When you choose to manually focus, a distance scale is displayed along the bottom of the LCD screen, MF Assist can be turned on to magnify the image and help you get sharp results, and there’s also the same convenient Peaking and Zebra functions from Sony’s DSLRs that highlights sharply-focused areas of the image on the LCD screen. Go on to take the shot and JPEG or Raw images are quickly committed to memory in a single second, the screen momentarily blanking out and then displaying the captured image before the user can go on to take a second shot.
A round shooting mode dial with a knurled edge and positive action is also located on top of the camera with a new locking button at its centre, which is a little annoying in practice as you now need to use two fingers to change the shooting mode.
Front of the Sony A7S II
Despite ostensibly being a camera aimed at professionals, Sony has still included Intelligent Auto scene recognition, which works in virtually identical fashion to the intelligent auto modes of Panasonic’s and Canon’s compact ranges. Simply point the A7S II at a scene or subject and the camera analyses it and automatically chooses one of a number of pre-optimised settings to best suit.
Adding to the A7S II’s snapshot simplicity, these features accompany face recognition and smile shutter functionality on board, the former mode biasing human faces in the frame and the latter mode firing the shutter when it detects a smiling subject. The Face Detection system automatically adjusts the focus, exposure and white balance for people in the frame, and can even be set to distinguish between children and adults. Smile Detection offers three self-explanatory options, Big, Normal and Slight. Used in conjunction, the Face and Smile Detection systems do result in more hits than misses, especially in contrasty lighting conditions. The self-portrait options in the self-timer menu work by automatically taking the shot with a two second delay after either one or two people have entered the frame.
In addition to the regular Program mode, which provides the full range of camera options and additionally allows you to change settings like the ISO speed and metering, is the welcome inclusion of Aperture-priority, Shutter-priority and fully Manual modes which let you independently set the aperture and shutter speed, making the A7S II instantly appeal to the more experienced photographer. The ability to choose from 30-1/8000th second shutter speeds opens up a lot of creative potential. There’s also very welcome support for the RAW file format, which is really the icing on the cake for serious photographers, although we don’t like the fact that you still can’t capture Extra Fine JPEGs and Raw files at the same time. Two Custom modes on the shooting mode dial allow you quickly access different combinations of settings.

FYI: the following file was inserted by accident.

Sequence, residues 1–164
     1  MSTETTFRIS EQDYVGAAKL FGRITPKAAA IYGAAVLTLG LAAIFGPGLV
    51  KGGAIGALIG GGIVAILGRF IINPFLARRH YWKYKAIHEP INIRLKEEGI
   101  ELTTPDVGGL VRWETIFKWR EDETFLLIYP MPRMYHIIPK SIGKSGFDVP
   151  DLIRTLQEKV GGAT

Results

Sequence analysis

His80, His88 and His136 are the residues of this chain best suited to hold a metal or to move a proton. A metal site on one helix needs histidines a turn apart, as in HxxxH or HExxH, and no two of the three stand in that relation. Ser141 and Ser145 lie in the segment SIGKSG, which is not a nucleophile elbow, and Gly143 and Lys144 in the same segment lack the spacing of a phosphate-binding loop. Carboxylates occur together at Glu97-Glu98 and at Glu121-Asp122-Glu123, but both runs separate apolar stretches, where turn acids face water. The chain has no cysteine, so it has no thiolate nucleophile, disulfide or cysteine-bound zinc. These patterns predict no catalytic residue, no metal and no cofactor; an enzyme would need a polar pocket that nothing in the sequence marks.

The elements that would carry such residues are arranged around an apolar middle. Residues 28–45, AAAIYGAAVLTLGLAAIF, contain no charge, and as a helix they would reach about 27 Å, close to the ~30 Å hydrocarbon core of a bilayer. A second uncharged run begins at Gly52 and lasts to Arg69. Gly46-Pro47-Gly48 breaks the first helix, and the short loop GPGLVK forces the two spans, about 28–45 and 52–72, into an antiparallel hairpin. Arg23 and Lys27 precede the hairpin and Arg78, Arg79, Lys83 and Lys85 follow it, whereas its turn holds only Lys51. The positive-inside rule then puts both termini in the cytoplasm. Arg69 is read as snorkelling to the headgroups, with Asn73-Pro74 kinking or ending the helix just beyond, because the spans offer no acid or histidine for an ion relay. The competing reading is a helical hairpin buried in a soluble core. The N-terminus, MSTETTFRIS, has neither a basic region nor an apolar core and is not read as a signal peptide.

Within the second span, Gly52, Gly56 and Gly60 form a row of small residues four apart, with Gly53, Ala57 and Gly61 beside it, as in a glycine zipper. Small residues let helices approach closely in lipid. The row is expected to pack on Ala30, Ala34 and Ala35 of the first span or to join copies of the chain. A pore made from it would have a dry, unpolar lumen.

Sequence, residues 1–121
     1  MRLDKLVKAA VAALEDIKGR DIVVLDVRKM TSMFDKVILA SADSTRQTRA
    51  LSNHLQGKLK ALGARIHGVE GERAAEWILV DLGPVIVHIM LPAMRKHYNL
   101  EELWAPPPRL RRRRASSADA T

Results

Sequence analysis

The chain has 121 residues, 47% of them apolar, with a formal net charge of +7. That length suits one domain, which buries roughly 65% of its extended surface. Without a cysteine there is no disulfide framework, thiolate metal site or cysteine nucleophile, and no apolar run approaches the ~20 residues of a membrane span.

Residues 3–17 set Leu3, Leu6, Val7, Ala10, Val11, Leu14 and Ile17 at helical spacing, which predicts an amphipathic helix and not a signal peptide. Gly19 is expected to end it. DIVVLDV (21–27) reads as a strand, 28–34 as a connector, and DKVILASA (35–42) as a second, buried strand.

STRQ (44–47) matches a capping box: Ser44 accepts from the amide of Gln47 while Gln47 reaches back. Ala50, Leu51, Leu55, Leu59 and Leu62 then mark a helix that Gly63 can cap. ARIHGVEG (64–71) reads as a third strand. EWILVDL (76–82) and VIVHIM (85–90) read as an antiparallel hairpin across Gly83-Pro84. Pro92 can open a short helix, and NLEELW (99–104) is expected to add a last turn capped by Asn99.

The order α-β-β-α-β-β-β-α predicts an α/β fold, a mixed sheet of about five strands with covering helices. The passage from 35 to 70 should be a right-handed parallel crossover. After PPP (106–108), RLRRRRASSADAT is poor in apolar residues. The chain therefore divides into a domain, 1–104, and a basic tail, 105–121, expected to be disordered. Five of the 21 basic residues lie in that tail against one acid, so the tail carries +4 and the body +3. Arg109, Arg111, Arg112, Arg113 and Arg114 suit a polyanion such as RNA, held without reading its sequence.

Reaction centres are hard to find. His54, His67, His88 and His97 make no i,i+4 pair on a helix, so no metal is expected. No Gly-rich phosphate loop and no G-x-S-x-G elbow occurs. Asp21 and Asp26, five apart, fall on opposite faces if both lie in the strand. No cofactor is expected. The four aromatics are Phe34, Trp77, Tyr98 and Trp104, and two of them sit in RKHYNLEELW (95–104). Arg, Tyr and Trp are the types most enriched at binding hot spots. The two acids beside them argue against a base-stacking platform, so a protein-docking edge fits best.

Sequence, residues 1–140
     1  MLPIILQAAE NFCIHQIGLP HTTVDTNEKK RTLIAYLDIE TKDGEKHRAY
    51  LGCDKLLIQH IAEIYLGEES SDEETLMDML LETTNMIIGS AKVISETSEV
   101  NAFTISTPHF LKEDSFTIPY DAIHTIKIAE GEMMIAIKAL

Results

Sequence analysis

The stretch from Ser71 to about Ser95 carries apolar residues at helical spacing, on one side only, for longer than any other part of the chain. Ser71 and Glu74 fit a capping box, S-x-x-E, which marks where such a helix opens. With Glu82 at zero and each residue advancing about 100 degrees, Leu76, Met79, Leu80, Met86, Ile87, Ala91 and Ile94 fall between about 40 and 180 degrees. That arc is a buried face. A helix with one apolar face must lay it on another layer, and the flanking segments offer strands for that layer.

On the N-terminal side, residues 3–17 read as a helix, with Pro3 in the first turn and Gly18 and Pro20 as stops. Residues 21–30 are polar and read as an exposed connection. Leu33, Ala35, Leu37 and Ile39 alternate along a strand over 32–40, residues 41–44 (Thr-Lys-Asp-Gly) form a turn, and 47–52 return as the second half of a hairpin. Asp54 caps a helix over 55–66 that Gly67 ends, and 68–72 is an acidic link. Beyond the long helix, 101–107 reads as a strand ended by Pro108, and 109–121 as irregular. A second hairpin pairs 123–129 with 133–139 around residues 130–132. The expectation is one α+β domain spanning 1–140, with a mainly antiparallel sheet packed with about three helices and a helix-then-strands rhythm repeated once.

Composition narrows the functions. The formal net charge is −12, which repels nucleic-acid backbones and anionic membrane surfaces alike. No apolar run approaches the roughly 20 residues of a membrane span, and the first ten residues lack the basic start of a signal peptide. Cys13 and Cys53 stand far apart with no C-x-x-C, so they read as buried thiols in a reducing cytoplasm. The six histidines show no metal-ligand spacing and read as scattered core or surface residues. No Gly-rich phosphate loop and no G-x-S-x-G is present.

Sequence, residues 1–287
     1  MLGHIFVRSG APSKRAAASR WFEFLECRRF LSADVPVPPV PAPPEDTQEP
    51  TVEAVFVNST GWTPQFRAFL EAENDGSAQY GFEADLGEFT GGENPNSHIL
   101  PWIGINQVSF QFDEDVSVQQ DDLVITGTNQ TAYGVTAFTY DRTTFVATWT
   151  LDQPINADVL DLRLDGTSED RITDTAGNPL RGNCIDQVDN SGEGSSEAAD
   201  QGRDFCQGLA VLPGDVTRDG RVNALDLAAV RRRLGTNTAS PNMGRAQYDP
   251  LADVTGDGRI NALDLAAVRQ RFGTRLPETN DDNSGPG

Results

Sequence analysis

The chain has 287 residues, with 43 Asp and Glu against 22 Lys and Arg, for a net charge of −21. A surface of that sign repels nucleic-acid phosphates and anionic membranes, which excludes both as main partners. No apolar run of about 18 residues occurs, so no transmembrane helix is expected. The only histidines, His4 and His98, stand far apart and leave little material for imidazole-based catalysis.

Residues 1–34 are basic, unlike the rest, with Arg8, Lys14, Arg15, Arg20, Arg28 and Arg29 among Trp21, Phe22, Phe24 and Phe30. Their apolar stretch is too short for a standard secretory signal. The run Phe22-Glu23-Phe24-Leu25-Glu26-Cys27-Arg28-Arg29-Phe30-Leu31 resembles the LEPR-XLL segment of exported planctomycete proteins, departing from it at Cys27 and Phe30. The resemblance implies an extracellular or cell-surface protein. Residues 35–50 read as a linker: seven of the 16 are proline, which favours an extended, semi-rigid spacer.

Side of the Sony A7S II
The proven Sweep Panorama mode lets you capture a panoramic image very easily without the use of a tripod. All you need to decide is whether you would like to start from left or right, top or bottom. Then press and hold down the shutter release while doing a “sweep” with the camera in hand. Exposure compensation is available before you start the sweep, but the exposure is fixed once you depress the shutter button. After you are done with the sweeping, the camera does all the processing required, and presents you with a finished panoramic image. There are two modes, Standard and Wide. Note that if you do the sweeping too slowly, or you let go of the shutter release button too early, the panorama will be truncated.
Side of the Sony A7S II
In the clever Hand-held Twilight and Anti Motion Blur scene modes, the A7S II takes six shots in a rapid sequence, typically at a high sensitivity setting and a (relatively) fast shutter speed, and then combines them into a single image that has somewhat less noise than a single shot taken at the same ISO and exposure settings. In our experience, the difference between the two modes is that in Anti Motion Blur mode, the camera is more willing to pick a really high ISO setting like ISO 6400 to maintain a fast shutter speed, whereas in Hand-held Twilight mode, it will only go as high as absolutely necessary to avoid camera shake at the chosen focal length. If light levels are truly low, however, the A7S II will pick a high ISO speed even in this mode.
The Sony A7S II can shoot and record 4K video in multiple formats including full-frame and cropped Super 35mm formats, both without pixel binning. The Sony A7S II can output uncompressed UHD 4K, 3840 x 2160 pixel video (30p/24p/25p) at a 4:2:2 color depth without downsampling to either the inserted memory card or over HDMI to compatible third party recorders. The A7S II also supports the XAVC S format, which is based on the professional XAVC codec and records full-pixel readout 4K footage at 100Mbps and Full HD video footage at up to 50Mbps. In addition 1080p HD footage can be recorded at 120fps in XAVC S mode for 4x/5x slow motion recording.